A day after news broke of Trayvon Martin's death, I was walking to the bus. On my way, I passed a neighbor. It was drizzling so we both had our hoodies up. The striking difference, though, is that my neighbor is a young black man, and I'm not.
The moment literally stopped me in my tracks, stopped me in the cloud of obliviousness that creeps up when my privilege goes unchecked for too long.
As a white person, I have unearned advantages, what Peggy McIntosh called an "an invisible package of unearned assets that I can count on cashing in each day." These advantages make it easier for me to move in this world, to go about my day.
Here's a typical day for me:
When I wake up and check the news, there are almost always people of my race pictured on the front page, and most of the journalists are similarly white.
On my way to the bus stop, if it is drizzling outside, I can put my hoodie up or even run quickly down the street without raising suspicion.
When I get to the bus stop, the people and occasional police officer don't look me up and down. I am able to stand there, relatively unnoticed, as I listen to music performed by people who -- for the most part -- look like me.
If I happened to forget my SmarTrip card, I know that the bus driver won't assume I'm a freeloader and will let me ride for free.
When I get to work, many of my managers are of my race.
At lunchtime, there are plenty of options to satisfy my white taste buds, and even the so-called "ethnic" options have been tweaked for my benefit.
If I go to Mass after work, I can be sure that the music reflects my culture and the priest will most likely have my skin color.
When I get off the bus and walk home, the person in front of me never turns around to keep tabs on me.
If I run to the local market, I know that the cashier won't presume I will pay with food stamps because of my race.
And when I put my baby boy to bed at night, gazing at him lovingly, I never have to worry about when the time will come from us to have a conversation about the racism he will experience when he's older.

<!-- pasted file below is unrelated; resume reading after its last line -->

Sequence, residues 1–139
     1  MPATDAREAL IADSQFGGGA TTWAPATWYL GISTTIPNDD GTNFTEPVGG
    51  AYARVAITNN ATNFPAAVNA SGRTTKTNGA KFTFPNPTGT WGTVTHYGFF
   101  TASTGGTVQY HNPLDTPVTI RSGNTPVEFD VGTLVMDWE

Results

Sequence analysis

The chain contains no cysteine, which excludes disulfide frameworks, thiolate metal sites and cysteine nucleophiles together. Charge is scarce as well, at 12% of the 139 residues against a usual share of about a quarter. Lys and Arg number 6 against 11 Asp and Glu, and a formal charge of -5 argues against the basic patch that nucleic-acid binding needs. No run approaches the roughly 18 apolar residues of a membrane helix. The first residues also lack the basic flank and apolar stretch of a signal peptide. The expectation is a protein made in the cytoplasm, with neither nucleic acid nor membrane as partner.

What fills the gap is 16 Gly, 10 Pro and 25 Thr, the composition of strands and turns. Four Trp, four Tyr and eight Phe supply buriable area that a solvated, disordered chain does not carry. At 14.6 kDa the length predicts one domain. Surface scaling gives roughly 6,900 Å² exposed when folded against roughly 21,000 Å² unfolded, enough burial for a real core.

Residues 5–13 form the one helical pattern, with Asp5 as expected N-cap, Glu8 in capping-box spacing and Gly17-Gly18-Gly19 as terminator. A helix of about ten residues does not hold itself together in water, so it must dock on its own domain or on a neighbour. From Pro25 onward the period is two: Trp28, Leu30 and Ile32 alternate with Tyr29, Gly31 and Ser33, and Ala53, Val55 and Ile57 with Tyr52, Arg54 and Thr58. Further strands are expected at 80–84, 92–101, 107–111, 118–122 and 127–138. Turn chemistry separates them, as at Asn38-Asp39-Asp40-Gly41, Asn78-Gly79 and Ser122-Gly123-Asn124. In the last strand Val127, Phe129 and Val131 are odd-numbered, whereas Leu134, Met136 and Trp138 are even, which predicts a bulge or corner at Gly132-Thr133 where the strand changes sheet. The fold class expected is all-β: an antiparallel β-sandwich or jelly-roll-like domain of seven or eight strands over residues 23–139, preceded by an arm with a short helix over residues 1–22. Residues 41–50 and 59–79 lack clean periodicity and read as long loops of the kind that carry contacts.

I grew up in a small town in Indiana. There were only a few people of color in my high school's graduating class. While racism certainly bubbled under the surface of conversations about property values and "that side of town," I had no idea what it meant to be white, much less what it meant to have white privilege.
When I was first introduced to the concept a few years back, I was defensive. I denied it. Sure, I'm white, and that gives me some privilege, but don't the oppressions I face as a lesbian and a woman cancel out any white privilege?
Yes, my experience as a lesbian and a woman is different, sometimes harder than that of a white straight man. But at the end of the day, I'm still white. I still have that unearned, completely arbitrary power.
After I got over being defensive and stopped denying my privilege, I became frustrated. I carry around this invisible knapsack. I am so aware of my privilege that it is, at times, blinding. And, yet, I can't lose that knapsack. I can't change my race.
Then, I recalled the words of Peggy McIntosh, who said, "[I]t is an open question whether we will choose to use unearned advantage, and whether we will use any of our arbitrarily awarded power to try to reconstruct power systems on a broader base."
I can use those unearned advantages, that undeserved power to change what Dorothy Day (might have) called the "filthy rotten system." To do that, though, I must make sure that the cloud of obliviousness dissipates, that I never need a heinous killing to shake me out of my unconsciousness. Only if I remain aware of my white privilege can I use my power to help create a world where no parent need worry about the racism their child will experience.
[Kate Childs Graham is an activist in the progressive Catholic movement. A graduate of the Catholic University of America and the U.N. mandated University for Peace in Costa Rica, she currently serves as speechwriter for the American Federation of State, County and Municipal Employees (AFSCME).]
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